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ISSUE 19.38.F • 2022-09-19 • Text Alerts!Gift Certificates

In this issue

FREEWARE SPOTLIGHT: Stick A Note — It’s life-changing! No, really … life-changing

Additional articles in the PLUS issue • Get Plus!

ONENOTE: What to do when OneNote won’t sync

SUPPORT: Randy’s remedies: Juice, heat, glass, social, grid, and malware

PATCH WATCH: Patch your humans

APPLE NEWS: What’s a “dynamic island?”

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Stick A Note — It’s life-changing! No, really … life-changing

Deanna McElveen

By Deanna McElveen

Is this freeware maven seriously going to shove another sticky-note program down our throats? Yes. Yes, I am.

I am, because this is quite different. This will change the way you live! It’s on a par with the printing press! The cotton gin! This telephone! Okay, fine, it’s at least equal to the invention of fried pies!

Anand Gupta, a wonderful, professional developer from West Bengal, India, has created a freeware program called Stick A Note that is considerably different from any sticky-note program you have ever used. Stick A Note does not put virtual sticky notes onto your desktop. It puts them on the windows of individual programs.

You can’t see it, but there is a sticky note right now up in the corner of my open Microsoft Expression Web 4 window. It has a bunch of reminders about writing this article. If I move the window, the note moves with it. If I close my program, I can have the note appear again when I open Expression Web, or I can choose to have it appear only when I say so.

I can also have different notes attached to different programs. Only the note assigned to each program will open for that program. Take a full minute now, and imagine the things that you want to stick notes onto as I whisper ideas in your ear. Genealogy software. Tax software. Bookkeeping software. Hints about a favorite game. Your Web browser. Spreadsheet software. Word processor.

See? Fried pies!

Get Stick A Note from, and I will show you how insanely easy it is. You don’t even have to install it.

Once you get the ZIP file extracted (right-click and select Extract All) to your desired folder, just click on Stick A Note.exe to launch it.

You won’t see a splash screen or anything. Instead, a small icon will appear in the system tray (see Figure 1). Don’t see it? It might be in the hidden icons, so click the small up arrow to show them. You can drag it down to the unhidden icons if you wish.

System Tray icon
Figure 1. Stick A Note starts in the system tray.

Before we make a note, let’s change a few things in the settings. Right-click on the Stick A Note icon, select Settings, and the Settings window will appear (see Figure 2).

First, note that the default hotkey to create a note is Win+N. You will have to change that to something else. Why? Because, as I discovered, you can’t create a note in a Web browser with Win+N. I changed it to Win+F12, and all seemed to work just fine in the browsers, but Win+F12 tried to close my editing software. There, Win+Z doesn’t seem to cause any problems.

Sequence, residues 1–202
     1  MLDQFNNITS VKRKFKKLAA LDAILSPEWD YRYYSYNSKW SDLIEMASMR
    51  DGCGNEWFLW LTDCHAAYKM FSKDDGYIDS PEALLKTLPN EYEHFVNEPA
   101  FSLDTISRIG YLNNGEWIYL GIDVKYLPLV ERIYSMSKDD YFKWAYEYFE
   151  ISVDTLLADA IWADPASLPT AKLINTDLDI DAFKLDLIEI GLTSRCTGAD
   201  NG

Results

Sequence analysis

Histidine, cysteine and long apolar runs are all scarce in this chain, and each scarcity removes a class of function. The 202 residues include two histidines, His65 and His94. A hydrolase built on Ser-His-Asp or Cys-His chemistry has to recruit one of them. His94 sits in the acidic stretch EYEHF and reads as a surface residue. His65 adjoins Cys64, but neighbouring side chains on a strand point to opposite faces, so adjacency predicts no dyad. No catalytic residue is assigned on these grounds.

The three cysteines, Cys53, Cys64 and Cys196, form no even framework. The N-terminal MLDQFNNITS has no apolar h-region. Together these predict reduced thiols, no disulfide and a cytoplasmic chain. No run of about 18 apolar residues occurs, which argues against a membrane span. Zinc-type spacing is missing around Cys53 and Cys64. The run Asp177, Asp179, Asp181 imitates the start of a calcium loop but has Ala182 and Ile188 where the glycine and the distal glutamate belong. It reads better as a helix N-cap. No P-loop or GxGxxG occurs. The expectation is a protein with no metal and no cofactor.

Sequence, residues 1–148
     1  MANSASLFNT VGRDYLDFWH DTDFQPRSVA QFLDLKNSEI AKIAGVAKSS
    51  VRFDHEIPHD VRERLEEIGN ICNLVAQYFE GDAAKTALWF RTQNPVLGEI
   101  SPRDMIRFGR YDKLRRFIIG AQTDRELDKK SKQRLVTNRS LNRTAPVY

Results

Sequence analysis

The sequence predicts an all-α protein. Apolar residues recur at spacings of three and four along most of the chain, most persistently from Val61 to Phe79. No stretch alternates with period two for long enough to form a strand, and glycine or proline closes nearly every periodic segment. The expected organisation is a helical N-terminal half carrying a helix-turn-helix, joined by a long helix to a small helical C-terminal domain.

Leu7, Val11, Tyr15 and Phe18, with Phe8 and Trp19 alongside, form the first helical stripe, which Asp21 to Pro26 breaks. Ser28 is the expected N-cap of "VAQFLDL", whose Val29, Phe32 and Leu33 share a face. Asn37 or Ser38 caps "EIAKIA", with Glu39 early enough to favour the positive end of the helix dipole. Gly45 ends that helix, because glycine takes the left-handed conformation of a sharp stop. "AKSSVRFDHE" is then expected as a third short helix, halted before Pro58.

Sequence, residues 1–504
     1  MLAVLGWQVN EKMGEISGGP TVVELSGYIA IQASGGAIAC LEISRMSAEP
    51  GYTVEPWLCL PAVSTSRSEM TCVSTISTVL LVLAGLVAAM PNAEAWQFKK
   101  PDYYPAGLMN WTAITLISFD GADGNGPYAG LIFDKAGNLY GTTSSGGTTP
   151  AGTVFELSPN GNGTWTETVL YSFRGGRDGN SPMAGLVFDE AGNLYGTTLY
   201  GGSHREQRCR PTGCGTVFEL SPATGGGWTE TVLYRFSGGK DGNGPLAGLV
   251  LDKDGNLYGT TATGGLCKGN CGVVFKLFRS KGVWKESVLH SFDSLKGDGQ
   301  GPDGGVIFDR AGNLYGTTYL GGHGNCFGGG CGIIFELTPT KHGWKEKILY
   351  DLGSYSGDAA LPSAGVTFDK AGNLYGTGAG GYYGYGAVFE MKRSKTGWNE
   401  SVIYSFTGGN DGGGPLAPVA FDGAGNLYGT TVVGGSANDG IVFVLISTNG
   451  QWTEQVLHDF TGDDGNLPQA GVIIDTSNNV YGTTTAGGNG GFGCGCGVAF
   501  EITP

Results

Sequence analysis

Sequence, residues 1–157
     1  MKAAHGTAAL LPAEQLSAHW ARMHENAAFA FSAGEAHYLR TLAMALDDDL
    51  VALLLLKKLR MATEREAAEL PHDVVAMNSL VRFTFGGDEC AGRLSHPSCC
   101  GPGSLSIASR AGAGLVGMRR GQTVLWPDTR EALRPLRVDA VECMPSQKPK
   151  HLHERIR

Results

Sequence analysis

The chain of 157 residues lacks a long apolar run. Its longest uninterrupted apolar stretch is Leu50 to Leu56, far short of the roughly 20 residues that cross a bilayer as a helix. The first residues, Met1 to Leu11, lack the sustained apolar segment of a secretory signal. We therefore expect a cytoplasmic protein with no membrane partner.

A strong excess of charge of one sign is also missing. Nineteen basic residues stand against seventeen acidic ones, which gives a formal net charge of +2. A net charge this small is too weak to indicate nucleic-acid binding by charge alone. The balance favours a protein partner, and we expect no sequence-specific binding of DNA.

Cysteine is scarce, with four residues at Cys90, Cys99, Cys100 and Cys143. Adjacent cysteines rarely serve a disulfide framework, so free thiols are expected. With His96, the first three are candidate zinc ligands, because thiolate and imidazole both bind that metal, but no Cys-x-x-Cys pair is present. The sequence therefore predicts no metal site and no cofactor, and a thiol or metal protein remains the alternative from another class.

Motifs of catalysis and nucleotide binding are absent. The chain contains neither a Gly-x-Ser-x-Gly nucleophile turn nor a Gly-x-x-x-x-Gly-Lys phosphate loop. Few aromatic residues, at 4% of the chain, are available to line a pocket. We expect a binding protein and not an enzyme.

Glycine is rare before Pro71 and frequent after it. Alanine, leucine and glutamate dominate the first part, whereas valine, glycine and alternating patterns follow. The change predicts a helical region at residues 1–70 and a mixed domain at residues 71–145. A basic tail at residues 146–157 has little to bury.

(Editor’s note: In this newsletter, we usually denote the Windows logo key as “WinKey.” However, Stick A Note uses just “Win,” so we’re sticking with that designation for this article.)

Next, look under Auto Show Note. Check this box to have any assigned notes open, along with their assigned programs. Why would you not want this on? If you use a shared computer, maybe you don’t want your Christmas list to pop up when your spouse opens the Web browser.

You can also have the Stick A Note keep a log, if you feel you need it.

Figure 2. The Settings window needs a quick change.

Go ahead and click Note Settings (see Figure 3). This is where you can change the color of the notes. Unfortunately, this is a global color setting for all notes. I’m sad they can’t be individual colors, but maybe that will change in a later version. You can also turn off the thin border around the notes and change the size of the notes. These note settings can also be changed via Settings from within a note. (And no, doing it that way does not allow for individual colors, either. I tried.)

Figure 3. Pretties can be changed here.

Now let’s make a note, and I will then go over a few things I discovered.

Open a program that you want to stick a note onto. I’m using IrfanView, the photo editor. I went ahead and opened a picture of my husband (see Figure 4), and now I just use my hotkey combo Win+Z to create a note.

Making a note
Figure 4. Use the hotkey combo you chose in Settings to create a note.

Now click Edit to write your note (see Figure 5). Don’t change the Window title text — I made that mistake at first. This is the text that appears at the top of a program’s window, and it is the text that the program searches for to figure out which note to display. This is pretty neat, because I can have different notes for different pictures as long as I don’t change their file names.

Under Note for this window, type your note.  If you type more than the text area shows, scroll bars will appear — so you can write a note as long as you want. Unfortunately, the notes themselves don’t have scroll bars — if you want to read an entire long note, you’ll have to use the Edit feature again.